“When the circumstances require it, I will assert my authority and lead my staff to deliver their best. However, I’m always open to new ideas and suggestions and consider myself to be very approachable in that respect.

“I realise the importance of motivating my staff to deliver their best and I’m mindful of that when dealing with potential problems. I believe a lot more can be achieved through communication than through conflict. I believe that my staff sees me as an open-minded respectful person and a good listener.”

Fahmy also strives to go beyond his responsibilities, making suggestions and bringing changes for the betterment of the hotel. “After I joined Equator Village in 2015, I have brought changes to the front office, especially helping and guiding our receptionists on how to communicate effectively with guests. I have provided guidance to our front office staff on how to handle guest complaints and it is a pleasure to see significant improvements in these areas.”

The biggest challenge for Equator Village, according to Fahmy, is the transfer of guests to Addu City, as most of their guests arrive via Malé on domestic flights, sometimes having to wait up to four hours to catch their transfer from Velana International Airport.  However, since SriLankan Airlines recently commenced direct flights between Colombo and Gan, and Fahmy says that they now see a little bit of an improvement in that area, but with most of the European guests traveling via Dubai, Doha & Istanbul and with those sector flight only operating to Velana International Airport, the problem still persists.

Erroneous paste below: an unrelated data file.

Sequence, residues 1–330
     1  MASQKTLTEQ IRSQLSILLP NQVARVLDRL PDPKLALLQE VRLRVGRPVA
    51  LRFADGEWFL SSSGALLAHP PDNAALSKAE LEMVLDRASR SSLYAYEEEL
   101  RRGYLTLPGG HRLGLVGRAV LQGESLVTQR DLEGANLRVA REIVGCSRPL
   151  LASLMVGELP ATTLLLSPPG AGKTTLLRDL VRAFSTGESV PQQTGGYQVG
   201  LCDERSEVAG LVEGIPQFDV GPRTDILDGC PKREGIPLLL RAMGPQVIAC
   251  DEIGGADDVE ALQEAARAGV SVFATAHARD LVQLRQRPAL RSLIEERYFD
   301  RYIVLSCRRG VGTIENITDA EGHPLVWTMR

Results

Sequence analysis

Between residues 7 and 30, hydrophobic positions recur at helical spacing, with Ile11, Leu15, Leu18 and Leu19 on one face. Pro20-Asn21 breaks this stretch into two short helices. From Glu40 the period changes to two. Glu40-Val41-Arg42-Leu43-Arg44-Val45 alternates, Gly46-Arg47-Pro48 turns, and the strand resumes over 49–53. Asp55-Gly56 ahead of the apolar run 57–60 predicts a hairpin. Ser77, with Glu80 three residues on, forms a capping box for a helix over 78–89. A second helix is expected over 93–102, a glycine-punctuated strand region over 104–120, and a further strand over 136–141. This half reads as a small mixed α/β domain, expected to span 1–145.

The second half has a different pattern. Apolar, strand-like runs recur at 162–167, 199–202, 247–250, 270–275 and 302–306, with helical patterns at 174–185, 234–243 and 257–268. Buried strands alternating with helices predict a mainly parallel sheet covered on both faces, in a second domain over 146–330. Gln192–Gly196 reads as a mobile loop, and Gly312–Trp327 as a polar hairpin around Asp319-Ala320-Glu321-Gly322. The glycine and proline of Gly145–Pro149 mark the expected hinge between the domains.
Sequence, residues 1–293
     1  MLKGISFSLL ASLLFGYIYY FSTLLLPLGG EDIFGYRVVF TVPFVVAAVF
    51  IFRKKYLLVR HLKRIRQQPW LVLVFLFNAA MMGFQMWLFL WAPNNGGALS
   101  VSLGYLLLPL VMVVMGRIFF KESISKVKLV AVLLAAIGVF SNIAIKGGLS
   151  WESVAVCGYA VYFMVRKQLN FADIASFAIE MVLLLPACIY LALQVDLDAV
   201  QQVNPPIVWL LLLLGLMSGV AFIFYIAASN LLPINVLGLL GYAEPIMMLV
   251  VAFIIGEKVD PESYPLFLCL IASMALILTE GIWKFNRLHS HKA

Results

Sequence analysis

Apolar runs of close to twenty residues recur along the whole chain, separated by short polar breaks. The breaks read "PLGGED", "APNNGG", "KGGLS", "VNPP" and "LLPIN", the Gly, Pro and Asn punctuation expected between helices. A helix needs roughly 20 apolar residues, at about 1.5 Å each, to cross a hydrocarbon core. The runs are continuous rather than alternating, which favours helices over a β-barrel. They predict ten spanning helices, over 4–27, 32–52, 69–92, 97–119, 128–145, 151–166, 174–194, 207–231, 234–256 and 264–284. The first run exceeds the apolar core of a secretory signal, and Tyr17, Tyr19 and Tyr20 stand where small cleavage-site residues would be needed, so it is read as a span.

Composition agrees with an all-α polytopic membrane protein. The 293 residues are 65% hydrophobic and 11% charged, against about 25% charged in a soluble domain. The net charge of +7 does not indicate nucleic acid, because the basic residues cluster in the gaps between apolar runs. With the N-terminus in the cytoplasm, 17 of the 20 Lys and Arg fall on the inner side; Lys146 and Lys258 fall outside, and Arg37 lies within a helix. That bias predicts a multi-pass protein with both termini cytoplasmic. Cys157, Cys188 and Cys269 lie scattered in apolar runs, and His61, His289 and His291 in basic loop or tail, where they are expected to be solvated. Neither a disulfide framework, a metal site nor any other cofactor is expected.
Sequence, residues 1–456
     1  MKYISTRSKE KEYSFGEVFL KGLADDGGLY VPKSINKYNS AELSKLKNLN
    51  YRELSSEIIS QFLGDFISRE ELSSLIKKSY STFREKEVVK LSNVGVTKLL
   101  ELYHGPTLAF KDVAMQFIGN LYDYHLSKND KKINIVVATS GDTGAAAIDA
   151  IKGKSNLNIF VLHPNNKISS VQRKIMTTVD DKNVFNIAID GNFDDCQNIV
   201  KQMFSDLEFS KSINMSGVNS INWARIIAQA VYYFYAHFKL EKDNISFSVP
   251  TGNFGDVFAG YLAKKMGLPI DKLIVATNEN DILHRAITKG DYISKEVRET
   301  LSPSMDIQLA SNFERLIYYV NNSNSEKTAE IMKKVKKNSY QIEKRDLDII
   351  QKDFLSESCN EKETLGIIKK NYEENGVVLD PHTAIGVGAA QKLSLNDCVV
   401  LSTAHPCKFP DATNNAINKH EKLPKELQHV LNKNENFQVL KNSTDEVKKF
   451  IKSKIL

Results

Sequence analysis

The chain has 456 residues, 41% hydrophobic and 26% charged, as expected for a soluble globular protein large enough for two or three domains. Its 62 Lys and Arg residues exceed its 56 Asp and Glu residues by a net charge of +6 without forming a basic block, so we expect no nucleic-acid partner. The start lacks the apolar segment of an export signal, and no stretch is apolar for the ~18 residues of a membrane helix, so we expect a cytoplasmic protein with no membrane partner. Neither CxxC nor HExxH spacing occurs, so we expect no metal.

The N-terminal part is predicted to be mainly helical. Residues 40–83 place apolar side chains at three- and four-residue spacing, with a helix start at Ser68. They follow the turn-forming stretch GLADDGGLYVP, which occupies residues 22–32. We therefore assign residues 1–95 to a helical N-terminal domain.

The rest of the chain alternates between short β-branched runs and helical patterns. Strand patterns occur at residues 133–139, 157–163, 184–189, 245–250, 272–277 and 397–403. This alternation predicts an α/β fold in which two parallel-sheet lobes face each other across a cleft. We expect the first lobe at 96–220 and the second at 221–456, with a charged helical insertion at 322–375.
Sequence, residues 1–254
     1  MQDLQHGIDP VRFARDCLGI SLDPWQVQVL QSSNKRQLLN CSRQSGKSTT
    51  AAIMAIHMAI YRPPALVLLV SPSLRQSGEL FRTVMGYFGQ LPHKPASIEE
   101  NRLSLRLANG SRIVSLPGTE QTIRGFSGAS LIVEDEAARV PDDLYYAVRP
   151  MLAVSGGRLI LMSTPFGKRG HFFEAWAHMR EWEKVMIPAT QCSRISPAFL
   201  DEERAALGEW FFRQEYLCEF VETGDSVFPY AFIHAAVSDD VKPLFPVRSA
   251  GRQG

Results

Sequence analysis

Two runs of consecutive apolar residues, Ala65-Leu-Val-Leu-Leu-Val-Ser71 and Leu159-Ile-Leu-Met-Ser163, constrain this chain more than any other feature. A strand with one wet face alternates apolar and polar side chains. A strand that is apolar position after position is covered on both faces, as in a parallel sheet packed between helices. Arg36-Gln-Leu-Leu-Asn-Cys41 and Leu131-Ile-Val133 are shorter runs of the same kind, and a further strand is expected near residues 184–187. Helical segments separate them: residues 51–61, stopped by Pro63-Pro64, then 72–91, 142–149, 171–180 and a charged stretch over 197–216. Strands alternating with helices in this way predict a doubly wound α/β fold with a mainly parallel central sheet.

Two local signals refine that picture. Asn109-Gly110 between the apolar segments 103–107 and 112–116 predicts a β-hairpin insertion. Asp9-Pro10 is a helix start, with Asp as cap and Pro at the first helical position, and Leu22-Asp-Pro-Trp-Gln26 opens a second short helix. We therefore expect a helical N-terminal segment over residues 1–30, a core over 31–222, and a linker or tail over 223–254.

The second biggest challenge Fahmy notes is staff recruitment, “Most of the staff we recruit for the front office use the place as a training institute, where after a few months of experience they move to other places. At the moment we are unable to overcome this challenge but we have to consider it and find a solution for it.”

“I strongly believe Equator Village has the potential for improvement. The opening of Gan International Airport has granted more opportunities for tourism to grow in the south. Staff retention remains a concern for the whole of Addu, mainly due to lack of facilities within the atoll,” Fahmy explains.

“It’s a catch 22 situation because it becomes attractive to work in places like this when arrivals are high and should we have better facilities. Finding qualified and motivated staff is one of the biggest challenges we face and unless we have that, it proves difficult to provide quality service.”

With the Equator Village being situated on the southern tip of the country, the biggest personal challenge for Fahmy is having to work away from his family. He makes it a point to visit his wife and children every six months. He says he copes by being in contact with them regularly through phone calls and mostly just by keeping busy.

As for the future, Fahmy aspires to one day start a business of his own and be an independent person. Which he hopes will allow him to achieve his dreams while being with his family. Having spent much of his career with the Kaimoo team, Fahmy has learned and gained much knowledge from Kaimoo team, pioneers of tourism in the Maldives. Today, Fahmy plays a critical role in Equator Village, a 78-room boutique hotel with a rich history in the Southern Maldives.